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California Assembly Approves Senate-Passed Bill To Stop Employers From Asking About Past Marijuana Use

The California Assembly has approved a Senate-passed bill that would prohibit employers from asking job applicants about prior marijuana use.

About two weeks after the Assembly Appropriations Committee cleared the legislation from Sen. Steven Bradford (D) with technical amendments, the full chamber advanced it in a 59-8 vote on Wednesday. It now heads back to the Senate for concurrence on the minor revision before potentially moving to the governor’s desk.

When employers ask applicants about past marijuana use, it “not only dissuades candidates from applying for these positions but also leads to situations in which individuals respond dishonestly to get the job,” Assemblymember Ash Kalra (D) said on the floor ahead of the latest vote.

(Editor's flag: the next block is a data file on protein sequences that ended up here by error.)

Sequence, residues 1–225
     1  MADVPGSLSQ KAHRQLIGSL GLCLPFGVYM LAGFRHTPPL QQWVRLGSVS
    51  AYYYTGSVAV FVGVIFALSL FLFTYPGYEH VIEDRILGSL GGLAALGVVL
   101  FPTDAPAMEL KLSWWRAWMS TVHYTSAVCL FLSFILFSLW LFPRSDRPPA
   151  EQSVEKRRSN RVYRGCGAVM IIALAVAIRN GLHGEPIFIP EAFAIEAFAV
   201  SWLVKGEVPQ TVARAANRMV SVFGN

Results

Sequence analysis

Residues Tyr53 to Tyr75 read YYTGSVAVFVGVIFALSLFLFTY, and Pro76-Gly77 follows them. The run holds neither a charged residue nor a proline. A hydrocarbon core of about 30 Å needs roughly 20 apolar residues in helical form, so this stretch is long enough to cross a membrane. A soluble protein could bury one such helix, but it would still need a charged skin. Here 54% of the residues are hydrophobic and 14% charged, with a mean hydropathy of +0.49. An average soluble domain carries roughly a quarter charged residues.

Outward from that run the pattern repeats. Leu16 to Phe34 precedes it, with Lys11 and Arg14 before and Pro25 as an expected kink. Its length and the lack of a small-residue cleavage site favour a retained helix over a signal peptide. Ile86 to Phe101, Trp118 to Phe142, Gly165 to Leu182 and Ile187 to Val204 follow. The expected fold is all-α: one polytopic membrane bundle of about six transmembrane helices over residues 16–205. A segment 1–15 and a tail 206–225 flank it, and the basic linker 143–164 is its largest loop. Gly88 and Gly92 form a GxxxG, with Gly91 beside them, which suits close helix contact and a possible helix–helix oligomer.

The bill would build on existing employment protections enacted last session that bar employers from penalizing most workers for using cannabis in compliance with state law off the job.

With certain exceptions, “it is unlawful for an employer to request information from an applicant for employment relating to the applicant’s prior use of cannabis,” the bill text says.

Current law as enacted last year says that it is unlawful for employers “to discriminate against a person in hiring, termination, or any term or condition of employment, or

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